“Thunderbird was a valuable piece of instruction that was the foundation for our careers,” Ahmed says.
Diverging Paths Reconnect
Once they completed their graduate degrees, though, their careers led them down different paths. But they always stayed in touch.
Upon finishing an engineering degree at BYU, Nathan went to work at NuSkin, where he helped implement the company’s use of SAP’s enterprise resource planning system. Once he entered Thunderbird, that experience caught the eye of SAP recruiters, and he had a job offer from the company during his first semester at the school. Since leaving Thunderbird, he had worked with five different divisions of SAP before shepherding the development of the BILT product and its spin-off.
Meanwhile, using his expertise in Middle Eastern languages and business affairs, Ahmed went to work managing Middle East and North Africa operations for Papa John’s Pizza. He also served as a non-commissioned officer in the U.S. Army Reserve while at Thunderbird. From there, he went to work for Investools in 2000 as vice president of business development. Investools was a pioneering system of online information for investors who wanted to make their own investment decisions. He says he learned from these entrepreneurs how to open a business with international operations. From there, Ahmed says he went through a series of entrepreneurial ventures, while also serving active-duty stints as a Navy Reserve officer.
Large companies such as SAP often have difficulty innovating, Nathan says. SAP, a $20 billion company, was struggling to create disruptive products and solutions, so he was given responsibility to develop products that could take advantage of emerging mobile technology. A well-known industry consultant worked with him to take a new and different idea and make it successful when it goes against the sales model and branding ideals of the company. “But if you’re going to create something new, you’re going to break some rules,” he says. “Just because something is different from your current business, executives needed to learn it’s a bad idea to say no just because it’s different than their current business.”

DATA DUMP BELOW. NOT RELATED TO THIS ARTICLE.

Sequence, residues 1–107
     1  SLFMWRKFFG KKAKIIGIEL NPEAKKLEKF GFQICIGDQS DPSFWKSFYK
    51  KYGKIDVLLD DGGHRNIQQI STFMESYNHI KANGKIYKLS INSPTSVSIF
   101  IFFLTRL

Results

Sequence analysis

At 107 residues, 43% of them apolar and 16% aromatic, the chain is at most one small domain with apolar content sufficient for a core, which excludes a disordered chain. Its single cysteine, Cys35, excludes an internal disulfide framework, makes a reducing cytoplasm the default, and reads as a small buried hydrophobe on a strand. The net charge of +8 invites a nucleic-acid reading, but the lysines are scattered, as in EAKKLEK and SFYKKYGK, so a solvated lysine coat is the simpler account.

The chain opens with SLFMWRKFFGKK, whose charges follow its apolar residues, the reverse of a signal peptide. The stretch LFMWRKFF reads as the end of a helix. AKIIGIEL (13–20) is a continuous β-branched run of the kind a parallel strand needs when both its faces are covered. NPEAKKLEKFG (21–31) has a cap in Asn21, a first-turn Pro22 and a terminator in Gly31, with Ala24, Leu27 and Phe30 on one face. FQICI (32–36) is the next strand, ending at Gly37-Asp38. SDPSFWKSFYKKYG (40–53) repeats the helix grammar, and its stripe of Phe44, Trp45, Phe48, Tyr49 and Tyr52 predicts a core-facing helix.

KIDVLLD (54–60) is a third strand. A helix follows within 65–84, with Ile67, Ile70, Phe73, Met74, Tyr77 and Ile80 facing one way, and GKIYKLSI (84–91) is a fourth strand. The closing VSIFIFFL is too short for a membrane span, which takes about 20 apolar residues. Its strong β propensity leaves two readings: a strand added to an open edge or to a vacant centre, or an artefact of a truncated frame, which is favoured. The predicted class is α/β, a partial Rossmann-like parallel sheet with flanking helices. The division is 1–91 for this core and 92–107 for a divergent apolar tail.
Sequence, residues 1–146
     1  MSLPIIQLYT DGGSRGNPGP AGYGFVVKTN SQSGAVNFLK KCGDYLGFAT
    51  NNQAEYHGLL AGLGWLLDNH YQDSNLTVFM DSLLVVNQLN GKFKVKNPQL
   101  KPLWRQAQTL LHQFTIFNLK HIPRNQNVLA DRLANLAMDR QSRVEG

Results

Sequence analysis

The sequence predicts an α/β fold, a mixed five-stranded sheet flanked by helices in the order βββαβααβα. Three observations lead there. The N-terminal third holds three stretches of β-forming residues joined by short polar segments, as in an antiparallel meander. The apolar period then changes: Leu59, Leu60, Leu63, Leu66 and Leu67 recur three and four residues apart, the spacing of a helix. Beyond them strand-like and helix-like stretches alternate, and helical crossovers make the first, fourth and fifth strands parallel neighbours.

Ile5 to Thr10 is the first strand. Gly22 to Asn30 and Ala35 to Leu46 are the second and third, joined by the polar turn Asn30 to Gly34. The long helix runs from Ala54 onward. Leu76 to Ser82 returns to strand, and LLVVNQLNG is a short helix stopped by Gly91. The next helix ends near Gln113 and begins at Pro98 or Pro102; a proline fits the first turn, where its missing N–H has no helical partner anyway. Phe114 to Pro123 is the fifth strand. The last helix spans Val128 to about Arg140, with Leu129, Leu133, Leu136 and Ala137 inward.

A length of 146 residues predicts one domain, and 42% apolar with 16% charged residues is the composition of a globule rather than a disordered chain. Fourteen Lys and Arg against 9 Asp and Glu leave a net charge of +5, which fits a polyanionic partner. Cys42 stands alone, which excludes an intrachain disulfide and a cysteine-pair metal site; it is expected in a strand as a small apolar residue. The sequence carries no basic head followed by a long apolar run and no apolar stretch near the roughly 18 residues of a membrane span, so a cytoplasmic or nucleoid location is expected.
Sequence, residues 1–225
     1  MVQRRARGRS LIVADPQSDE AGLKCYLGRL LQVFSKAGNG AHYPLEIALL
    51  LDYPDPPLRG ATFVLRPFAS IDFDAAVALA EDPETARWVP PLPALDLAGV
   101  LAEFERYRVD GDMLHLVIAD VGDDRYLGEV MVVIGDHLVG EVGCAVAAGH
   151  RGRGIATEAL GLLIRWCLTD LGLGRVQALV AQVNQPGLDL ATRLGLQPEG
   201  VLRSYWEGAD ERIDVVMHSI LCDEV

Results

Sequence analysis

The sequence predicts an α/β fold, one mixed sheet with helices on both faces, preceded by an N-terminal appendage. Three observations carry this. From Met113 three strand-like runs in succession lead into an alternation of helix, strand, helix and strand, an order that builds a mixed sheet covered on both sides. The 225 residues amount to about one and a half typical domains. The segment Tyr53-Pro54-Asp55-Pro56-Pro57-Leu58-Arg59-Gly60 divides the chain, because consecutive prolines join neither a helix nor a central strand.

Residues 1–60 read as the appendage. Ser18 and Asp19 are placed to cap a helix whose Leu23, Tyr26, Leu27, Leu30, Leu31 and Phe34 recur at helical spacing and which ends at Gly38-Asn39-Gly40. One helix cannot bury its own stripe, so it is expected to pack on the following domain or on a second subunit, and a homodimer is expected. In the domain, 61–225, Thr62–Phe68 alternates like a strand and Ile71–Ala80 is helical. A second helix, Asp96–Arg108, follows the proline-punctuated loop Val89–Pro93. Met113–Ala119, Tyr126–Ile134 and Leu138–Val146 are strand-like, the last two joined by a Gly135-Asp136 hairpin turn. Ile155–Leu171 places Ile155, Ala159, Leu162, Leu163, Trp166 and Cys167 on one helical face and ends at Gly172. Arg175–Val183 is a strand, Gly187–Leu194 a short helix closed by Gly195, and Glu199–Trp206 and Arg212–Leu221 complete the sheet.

Managing the Spin-Off
In June 2015, Nathan received approval from SAP to spin off BILT. However, it was the first time that software giant had ever allowed such a spin-out. People within SAP advised Nathan to find someone who had been through start-ups and raising money ̶ someone he could trust. That’s when Nathan contacted Ahmed to help launch the company as a private enterprise. As this was SAP’s first spin-off, the process of raising money and setting up the company took about 14 months. In August 2016, their product became commercially available, and they already have 12 companies under contract. They expect that number to double or triple in the near future.
They also expect their long relationship to allow them to build the business “at the speed of trust.” They still have issues that need to be solved, but their history allows them to be evenly yoked. “It’s a unique opportunity to do something like this as our skill sets complement each other,” Nathan says. “We’ve been through those maturing cycles of what’s important and what’s not important.”